Traden - Veelvuldig gemaakte fouten
Jim Wyckoff die
schrijft, schreef onlangs een
artikel over traden.
een handelaar die winst maakt.
Dat is makkelijker gezegd dan gedaan.
Het bereiken van aanhoudend succes in traden vereist dat je
zoveel mogelijk fouten (valkuilen) moet vermijden, net
zoveel als het uitzoeken en uitvoeren van winnende trades.
feite zullen de meeste professionele handelaren u vertellen
dat het niet één specifieke handelsmethode betreft die hen
succesvol maakt maar dat het eerder algemene regels zijn die
zij aanhangen waardoor zij lang genoeg actief blijven om
succes te bereiken.
Onderstaand 10 veelvuldig gemaakte fouten die handelaren
maken tijdens aandelen trading en op andere markten.
is in willekeurige volgorde.
1. Failure to
have a trading plan in place before a trade is executed.
Without a specific plan, a trader does not know, among other
things, when or where he will exit the trade or how much
money may be made or lost. Traders with no predetermined
trading plan are flying by the seat of their pants, and
that's usually a recipe for a "crash and burn."
trading assets or improper money management. It does not
take a fortune to trade the stock or futures markets
successfully. Traders with less than $10,000 in their
trading accounts can and do trade successfully. And traders
with $50,000 or more in their trading accounts can and do
lose it all in a heartbeat. Part of trading success boils
down to proper money management and not gunning for those
high-risk "home-run" type trades that involve too much
capital at one time.
that are too high, too soon. Beginning traders who
expect to quit their "day jobs" and make a good living
trading in their first few years are usually disappointed.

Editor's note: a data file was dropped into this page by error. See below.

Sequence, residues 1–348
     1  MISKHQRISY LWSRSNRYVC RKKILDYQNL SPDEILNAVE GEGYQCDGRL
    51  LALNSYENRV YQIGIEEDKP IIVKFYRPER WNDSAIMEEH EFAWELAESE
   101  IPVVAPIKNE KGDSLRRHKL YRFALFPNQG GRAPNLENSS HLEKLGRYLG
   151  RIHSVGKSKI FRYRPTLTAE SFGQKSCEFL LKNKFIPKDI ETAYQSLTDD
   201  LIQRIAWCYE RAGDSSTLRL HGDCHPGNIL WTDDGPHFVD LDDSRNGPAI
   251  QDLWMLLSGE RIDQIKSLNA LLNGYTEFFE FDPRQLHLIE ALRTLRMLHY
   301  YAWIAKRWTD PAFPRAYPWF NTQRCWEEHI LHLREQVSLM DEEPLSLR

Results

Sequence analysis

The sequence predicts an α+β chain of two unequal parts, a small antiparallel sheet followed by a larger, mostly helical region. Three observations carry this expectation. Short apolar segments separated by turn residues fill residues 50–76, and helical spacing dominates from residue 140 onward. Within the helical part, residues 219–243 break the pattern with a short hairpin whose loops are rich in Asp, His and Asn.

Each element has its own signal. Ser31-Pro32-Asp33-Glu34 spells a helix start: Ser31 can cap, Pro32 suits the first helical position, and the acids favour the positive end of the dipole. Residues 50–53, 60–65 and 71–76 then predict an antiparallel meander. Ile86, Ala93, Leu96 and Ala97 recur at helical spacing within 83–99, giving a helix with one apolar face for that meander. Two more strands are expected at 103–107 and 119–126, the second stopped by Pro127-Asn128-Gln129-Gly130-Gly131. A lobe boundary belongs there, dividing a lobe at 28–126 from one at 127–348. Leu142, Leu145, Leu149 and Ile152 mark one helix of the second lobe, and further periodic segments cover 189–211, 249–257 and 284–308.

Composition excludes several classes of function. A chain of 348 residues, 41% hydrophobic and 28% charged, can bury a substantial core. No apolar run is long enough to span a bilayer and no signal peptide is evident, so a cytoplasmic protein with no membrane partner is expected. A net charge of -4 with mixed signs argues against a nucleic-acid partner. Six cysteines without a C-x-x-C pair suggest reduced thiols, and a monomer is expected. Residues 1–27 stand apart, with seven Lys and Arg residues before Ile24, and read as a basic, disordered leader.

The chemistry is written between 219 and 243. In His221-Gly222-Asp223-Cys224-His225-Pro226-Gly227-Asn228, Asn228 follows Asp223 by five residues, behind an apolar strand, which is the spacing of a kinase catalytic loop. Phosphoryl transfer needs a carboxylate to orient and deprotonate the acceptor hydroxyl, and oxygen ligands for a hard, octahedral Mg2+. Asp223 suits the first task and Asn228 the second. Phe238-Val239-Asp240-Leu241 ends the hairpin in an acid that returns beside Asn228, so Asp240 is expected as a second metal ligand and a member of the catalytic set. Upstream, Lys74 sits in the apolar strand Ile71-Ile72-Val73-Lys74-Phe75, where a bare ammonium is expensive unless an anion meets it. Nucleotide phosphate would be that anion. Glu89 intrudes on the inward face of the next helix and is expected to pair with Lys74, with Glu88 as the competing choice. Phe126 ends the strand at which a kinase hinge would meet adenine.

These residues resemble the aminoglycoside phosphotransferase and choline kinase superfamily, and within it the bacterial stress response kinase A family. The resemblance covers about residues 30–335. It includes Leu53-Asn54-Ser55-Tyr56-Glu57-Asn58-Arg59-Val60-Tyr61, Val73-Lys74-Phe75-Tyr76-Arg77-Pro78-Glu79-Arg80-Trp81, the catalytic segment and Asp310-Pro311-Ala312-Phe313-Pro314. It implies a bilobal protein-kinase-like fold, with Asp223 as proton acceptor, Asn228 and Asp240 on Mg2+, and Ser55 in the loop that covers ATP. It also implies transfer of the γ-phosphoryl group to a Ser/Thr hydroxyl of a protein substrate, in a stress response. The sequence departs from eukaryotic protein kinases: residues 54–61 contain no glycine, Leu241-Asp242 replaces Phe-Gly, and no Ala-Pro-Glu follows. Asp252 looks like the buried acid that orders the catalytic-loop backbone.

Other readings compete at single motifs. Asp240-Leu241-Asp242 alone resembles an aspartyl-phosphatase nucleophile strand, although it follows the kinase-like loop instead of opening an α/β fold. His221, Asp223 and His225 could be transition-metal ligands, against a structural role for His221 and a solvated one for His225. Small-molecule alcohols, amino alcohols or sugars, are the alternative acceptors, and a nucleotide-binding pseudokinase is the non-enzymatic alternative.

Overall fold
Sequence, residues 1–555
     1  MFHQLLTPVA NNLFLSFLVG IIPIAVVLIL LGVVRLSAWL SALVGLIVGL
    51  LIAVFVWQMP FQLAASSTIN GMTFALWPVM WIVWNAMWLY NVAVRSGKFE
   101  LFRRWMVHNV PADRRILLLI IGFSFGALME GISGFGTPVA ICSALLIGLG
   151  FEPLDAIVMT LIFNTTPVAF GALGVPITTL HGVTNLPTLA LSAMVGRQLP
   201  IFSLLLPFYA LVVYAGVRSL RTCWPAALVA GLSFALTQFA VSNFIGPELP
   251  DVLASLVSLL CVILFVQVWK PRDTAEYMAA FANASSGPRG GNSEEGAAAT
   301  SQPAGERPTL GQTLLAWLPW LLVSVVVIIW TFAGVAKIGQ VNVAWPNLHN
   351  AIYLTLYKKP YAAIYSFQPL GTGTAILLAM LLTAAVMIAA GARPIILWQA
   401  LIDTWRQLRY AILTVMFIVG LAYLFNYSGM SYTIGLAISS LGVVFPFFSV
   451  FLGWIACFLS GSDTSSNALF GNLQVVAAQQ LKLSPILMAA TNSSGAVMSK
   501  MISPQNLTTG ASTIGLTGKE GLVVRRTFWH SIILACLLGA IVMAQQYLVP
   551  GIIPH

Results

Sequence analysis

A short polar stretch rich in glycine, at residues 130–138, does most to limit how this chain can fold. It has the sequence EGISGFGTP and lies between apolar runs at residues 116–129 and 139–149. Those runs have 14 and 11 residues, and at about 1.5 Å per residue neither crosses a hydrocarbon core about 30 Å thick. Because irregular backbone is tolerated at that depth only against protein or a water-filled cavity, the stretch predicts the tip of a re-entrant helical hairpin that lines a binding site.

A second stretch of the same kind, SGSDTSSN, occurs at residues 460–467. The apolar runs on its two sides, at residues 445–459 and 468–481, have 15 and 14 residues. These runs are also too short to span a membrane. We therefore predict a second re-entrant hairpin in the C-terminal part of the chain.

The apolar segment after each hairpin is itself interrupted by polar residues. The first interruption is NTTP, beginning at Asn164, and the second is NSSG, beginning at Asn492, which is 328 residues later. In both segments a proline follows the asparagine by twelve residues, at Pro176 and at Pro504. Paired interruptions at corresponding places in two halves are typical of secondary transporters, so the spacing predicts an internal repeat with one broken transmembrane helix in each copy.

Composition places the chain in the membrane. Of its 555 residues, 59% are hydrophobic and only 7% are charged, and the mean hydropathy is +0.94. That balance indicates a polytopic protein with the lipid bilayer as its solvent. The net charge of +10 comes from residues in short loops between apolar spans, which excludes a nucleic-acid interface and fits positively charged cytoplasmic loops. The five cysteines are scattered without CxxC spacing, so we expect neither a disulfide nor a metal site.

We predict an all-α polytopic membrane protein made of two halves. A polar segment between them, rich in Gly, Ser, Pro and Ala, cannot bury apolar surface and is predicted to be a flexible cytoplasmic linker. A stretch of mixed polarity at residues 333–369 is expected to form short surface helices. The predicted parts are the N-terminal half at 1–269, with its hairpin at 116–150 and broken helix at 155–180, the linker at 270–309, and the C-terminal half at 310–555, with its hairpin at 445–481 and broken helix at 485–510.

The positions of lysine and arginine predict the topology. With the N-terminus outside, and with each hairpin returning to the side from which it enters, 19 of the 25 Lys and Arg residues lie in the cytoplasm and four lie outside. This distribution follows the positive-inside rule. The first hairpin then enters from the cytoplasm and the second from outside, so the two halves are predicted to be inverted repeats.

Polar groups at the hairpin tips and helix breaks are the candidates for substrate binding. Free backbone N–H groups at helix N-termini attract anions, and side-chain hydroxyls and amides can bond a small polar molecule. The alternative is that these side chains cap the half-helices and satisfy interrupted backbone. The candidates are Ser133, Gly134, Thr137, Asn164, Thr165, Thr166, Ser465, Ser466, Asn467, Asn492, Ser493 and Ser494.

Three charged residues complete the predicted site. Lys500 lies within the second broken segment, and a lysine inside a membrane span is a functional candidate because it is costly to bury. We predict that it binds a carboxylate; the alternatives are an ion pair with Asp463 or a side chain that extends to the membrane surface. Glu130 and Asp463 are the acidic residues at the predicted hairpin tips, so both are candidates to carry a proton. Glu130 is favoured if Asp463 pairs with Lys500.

You don't become a successful doctor or lawyer or business
owner in the first couple of years of the practice. It takes
hard work and perseverance to achieve success in any field
of endeavor -- and trading is no different. Trading markets
is not the easy, "get-rich-quick" scheme that a few unsavory
characters make it out to be.
4. Failure to use
protective stops. Using protective buy or sell stops
upon entering a trade provide a trader with a good idea of
how much money he or she is risking on that particular
trade, should it turn out to be a loser. Protective stops
are a good money-management tool, but they're not perfect.
There are no perfect money-management tools in futures
5. Lack of
"patience" and "discipline." While these two virtues are
overworked and very often mentioned when determining what
unsuccessful traders lack, not many will argue with their
merits. Indeed: Don't trade just for the sake of trading or
just because you haven't traded for a while. Let those very
good trading "setups" come to you, and then act upon them in
a prudent way. The market will do what the market wants to
do -- and nobody can force the market's hand.
against the trend -- or trying to pick tops and bottoms in
markets. It's human nature to want to buy low and sell
high (or sell high and buy low for short-side traders).
Unfortunately, that's not a proven means of making profits
in futures trading. Top-pickers and bottom-pickers are
usually trading against the trend, which is a major mistake.
7. Letting losing
positions ride too long. Most successful traders will
not sit on a losing position for very long. They'll set a
tight protective stop, and if it's hit, they'll take their
losses (usually minimal), then move on to the next potential
setup. Traders who sit on a losing trade "hoping" the market
will soon turn in their favor are usually doomed.
Trading too many markets at one time is a mistake --
especially if you are racking up losses. If losses are
piling up, it's time to cut back on trading, even though the
temptation is to make more trades to recover the recently
lost assets. It takes keen focus and concentration to be a
successful futures trader. Having "too many irons in the
fire" at one time is a mistake.
9. Failure to
accept complete responsibility for your actions. When
you have a losing trade or are in a losing streak, don't
blame your broker or someone else. You are responsible for
your own success or failure in trading. You make the
decisions. If you feel you are not in firm control of your
own trading, then why do you feel that way? You should make
immediate changes that put you in firm control of your own
10. Not getting a
bigger-picture perspective on a market. One can look at
a daily bar chart and get a shorter-term perspective on a
market or stock trend. But a look at the longer-term weekly
or monthly chart for that same market can reveal a
completely different picture. It is prudent to examine
longer-term charts for that bigger-picture perspective when
contemplating a trade.
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